Observation: Moses' final sermon to the people of Israel includes a recap of the Ten Commandments God gave to them on the mountain. Just as in Exodus, the first place the commandments appear, special attention is paid to how and why the people should observe a Sabbath day every week. It's a great equalizer: it's for people of every station, free and slave alike, and it is born from Israel's communal trauma of being slaves themselves in Egypt.
Application: I recently had an online discussion with other Lutheran pastors about days off. It's variable, but most people take either Friday or Monday as a day of rest. It's becoming more common today for Pastors to take an actual "weekend" (Either Friday-Saturday, or Sunday afternoon through Monday) the same way many other professionals do.
What strikes me about our understanding of Sabbath today is that we sometimes think of it as a luxury, or a personal indulgence. It's not...it's a Commandment, and it's for everybody. It is an act of worship, in its way, to cede control of our lives to God and know the world will keep turning even if we get off the hamster wheel. At the same time, we no longer live in a society that shuts down one day a week. It can't. While some rest, others pump gas, answer emergency calls, and monitor hospital units. Or, you know, preach the Gospel. So our sense of Sabbath has become individualized. We have to figure out what Sabbath looks like for us. But it has to be a full day...if you think you can really let go of trying to be Lord and master of your life on four hours here and eight hours there, between shifts, with no consistent schedule, you've missed the point.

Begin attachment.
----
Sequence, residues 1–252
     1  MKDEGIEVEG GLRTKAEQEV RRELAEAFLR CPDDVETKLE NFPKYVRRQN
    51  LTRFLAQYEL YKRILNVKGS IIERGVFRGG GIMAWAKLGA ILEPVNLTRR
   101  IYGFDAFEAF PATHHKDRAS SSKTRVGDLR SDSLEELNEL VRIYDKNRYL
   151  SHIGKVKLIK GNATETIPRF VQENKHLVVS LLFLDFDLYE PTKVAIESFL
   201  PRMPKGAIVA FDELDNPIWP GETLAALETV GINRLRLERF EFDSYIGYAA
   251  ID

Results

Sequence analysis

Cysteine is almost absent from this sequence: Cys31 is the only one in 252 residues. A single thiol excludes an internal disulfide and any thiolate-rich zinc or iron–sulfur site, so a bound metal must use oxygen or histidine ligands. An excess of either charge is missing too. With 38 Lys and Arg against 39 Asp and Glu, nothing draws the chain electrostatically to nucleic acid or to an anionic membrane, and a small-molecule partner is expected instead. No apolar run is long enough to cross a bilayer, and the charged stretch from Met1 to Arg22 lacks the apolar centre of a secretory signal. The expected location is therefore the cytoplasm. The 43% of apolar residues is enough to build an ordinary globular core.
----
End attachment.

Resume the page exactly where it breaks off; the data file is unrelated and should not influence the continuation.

You're not a slave to anyone. Not your boss, not your bills, not the economy, not the election cycle, nobody. And besides that, you're not God. The world will get along fine without you, and even better when you return refreshed. Take a day and be free.
Prayer: God, help me let you be you. Amen.